The biogeochemistry of metal cycling

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    The results of the Planetary Biology and Microbial Ecology's summer 1987 program are summarized. The purpose of the interdisciplinary PBME program is to integrate, via lectures and laboratory work, the contributions of university and NASA scientists and student interns. The 1987 program examined various aspects of the biogeochemistry of metal cycling, and included such areas as limnology, metal chemistry, metal geochemistry, microbial ecology, and interactions with metals. A particular area of focus was the use of remote sensing in the study of biogeochemistry. Abstracts and bibliographies of the lectures and reports of the laboratory projects are presented

    The Anthropocene Hypothesis

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    American Literature and Science

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    Literature and science are two disciplines are two disciplines often thought to be unrelated, if not actually antagonistic. But Robert J. Scholnick points out that these areas of learning, up through the beginning of the nineteenth century, “were understood as parts of a unitary endeavor.By mid-century they had diverged, but literature and science have continued to interact, conflict, and illuminate each other. In this innovative work, twelve leaders in this emerging interdisciplinary field explore the long engagement of American writers with science and uncover science’s conflicting meanings as a central dimension of the nation’s conception of itself. Reaching back to the Puritan poet-minister-physician Edward Taylor, who wrote at the beginning of the scientific revolution, and forward to Thomas Pynchon, novelist of the cybernetic age, this collection of original essays contains essential work on major writers, including Franklin, Jefferson, Poe, Emerson, Thoreau, Twain, Hart Crane, Dos Passos, and Charles Olson. Through its exploration of the ways that American writers have found in science and technology a vital imaginative stimulus, even while resisting their destructive applications, this book points towards a reconciliation and integration within culture. An innovative look at a neglected dimension of our literary tradition, American Literature and Science stands as both a definition of the field and an invitation to others to continue and extend new modes of inquiry. A thoughtful collection that reveals how the concept of ‘science’ has evolved from Franklin to cyberpunk, and how it has transformed American literary form and expression. —American Literature Innovative. . . . The first systematic examination of this neglected dimension of the American literary tradition. —American Renaissance Literary Reporthttps://uknowledge.uky.edu/upk_english_language_and_literature_north_america/1013/thumbnail.jp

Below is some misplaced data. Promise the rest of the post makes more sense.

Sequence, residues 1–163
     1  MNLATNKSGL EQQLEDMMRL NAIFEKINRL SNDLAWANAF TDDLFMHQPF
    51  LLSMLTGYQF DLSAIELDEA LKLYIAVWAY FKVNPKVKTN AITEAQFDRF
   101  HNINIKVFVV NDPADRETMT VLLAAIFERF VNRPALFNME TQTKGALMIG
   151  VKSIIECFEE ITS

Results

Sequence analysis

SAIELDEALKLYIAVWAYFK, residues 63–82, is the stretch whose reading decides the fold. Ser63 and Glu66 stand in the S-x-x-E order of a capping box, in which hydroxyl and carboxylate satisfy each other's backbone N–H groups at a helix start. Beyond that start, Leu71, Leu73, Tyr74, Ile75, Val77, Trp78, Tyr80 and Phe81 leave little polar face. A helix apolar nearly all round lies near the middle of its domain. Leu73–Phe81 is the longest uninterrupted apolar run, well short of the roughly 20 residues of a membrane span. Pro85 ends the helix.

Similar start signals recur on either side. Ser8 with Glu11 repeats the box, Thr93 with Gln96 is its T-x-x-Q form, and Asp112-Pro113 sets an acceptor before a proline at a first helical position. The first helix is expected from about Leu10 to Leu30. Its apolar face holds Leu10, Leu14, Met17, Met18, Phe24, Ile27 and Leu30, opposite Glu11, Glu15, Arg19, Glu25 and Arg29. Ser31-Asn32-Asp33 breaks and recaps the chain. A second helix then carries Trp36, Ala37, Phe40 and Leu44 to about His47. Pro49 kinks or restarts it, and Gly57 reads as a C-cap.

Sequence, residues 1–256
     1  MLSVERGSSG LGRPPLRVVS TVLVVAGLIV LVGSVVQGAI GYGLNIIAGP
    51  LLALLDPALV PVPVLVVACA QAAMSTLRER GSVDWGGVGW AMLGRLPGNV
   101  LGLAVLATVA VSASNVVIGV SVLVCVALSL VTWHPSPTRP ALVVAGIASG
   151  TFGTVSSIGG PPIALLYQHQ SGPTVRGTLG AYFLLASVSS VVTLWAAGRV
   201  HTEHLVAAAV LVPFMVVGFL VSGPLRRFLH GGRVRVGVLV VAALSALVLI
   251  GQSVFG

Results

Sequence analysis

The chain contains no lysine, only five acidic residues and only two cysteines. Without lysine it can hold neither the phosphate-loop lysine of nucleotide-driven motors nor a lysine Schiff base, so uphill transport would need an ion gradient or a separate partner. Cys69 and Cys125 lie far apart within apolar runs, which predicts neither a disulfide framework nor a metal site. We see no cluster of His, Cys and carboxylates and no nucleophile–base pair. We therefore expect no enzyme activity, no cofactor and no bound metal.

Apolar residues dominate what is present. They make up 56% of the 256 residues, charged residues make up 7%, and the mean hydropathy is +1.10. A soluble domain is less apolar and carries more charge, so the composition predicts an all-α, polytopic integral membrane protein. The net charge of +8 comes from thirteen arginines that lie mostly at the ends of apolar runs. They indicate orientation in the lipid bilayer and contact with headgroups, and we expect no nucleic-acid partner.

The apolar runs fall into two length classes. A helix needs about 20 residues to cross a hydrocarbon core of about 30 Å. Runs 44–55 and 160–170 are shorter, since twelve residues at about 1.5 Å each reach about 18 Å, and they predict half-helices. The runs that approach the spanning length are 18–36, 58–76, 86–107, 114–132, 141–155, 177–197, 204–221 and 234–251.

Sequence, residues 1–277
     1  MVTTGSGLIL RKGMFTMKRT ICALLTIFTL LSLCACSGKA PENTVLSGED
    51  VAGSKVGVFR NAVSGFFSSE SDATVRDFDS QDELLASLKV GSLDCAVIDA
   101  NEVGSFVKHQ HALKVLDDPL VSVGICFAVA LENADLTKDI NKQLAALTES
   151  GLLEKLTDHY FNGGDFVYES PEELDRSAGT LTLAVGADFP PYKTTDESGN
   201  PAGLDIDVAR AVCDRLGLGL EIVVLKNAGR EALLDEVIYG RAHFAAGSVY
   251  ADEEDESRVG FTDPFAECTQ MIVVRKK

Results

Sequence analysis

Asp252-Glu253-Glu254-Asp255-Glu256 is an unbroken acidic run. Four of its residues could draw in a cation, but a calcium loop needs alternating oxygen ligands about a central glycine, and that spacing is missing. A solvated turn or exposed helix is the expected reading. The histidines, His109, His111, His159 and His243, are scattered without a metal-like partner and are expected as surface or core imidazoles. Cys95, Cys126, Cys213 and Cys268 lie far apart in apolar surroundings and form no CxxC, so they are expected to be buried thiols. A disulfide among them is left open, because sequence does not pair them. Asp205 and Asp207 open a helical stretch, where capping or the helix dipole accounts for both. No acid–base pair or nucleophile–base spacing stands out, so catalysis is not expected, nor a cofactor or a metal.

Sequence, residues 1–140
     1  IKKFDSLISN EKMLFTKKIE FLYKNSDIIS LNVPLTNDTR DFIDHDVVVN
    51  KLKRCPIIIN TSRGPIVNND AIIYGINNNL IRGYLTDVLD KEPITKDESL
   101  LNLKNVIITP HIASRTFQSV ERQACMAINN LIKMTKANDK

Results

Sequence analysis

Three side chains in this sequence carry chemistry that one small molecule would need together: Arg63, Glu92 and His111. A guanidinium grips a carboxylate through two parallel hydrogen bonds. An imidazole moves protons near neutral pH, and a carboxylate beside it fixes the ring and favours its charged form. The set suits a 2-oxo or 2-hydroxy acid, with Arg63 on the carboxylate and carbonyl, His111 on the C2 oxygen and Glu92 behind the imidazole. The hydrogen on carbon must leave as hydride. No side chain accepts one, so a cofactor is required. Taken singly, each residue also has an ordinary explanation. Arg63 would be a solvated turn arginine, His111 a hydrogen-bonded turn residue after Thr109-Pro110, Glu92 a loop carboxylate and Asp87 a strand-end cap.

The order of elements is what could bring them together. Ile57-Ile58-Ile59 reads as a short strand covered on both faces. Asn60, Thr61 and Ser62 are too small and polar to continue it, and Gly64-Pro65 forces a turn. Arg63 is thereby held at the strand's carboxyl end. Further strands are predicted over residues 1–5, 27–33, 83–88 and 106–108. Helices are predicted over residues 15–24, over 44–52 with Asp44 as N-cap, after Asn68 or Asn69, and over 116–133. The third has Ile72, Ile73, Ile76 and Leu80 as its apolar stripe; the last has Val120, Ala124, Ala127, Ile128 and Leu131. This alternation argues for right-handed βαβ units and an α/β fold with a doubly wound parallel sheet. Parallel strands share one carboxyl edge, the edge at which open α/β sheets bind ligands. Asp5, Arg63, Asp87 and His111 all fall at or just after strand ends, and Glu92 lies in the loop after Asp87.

Bowdoin Orient v.132, no.1-24 (2002-2003)

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    https://digitalcommons.bowdoin.edu/bowdoinorient-2000s/1003/thumbnail.jp

    Bowdoin Orient v.126, no.1-23 (1995-1996)

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    https://digitalcommons.bowdoin.edu/bowdoinorient-1990s/1007/thumbnail.jp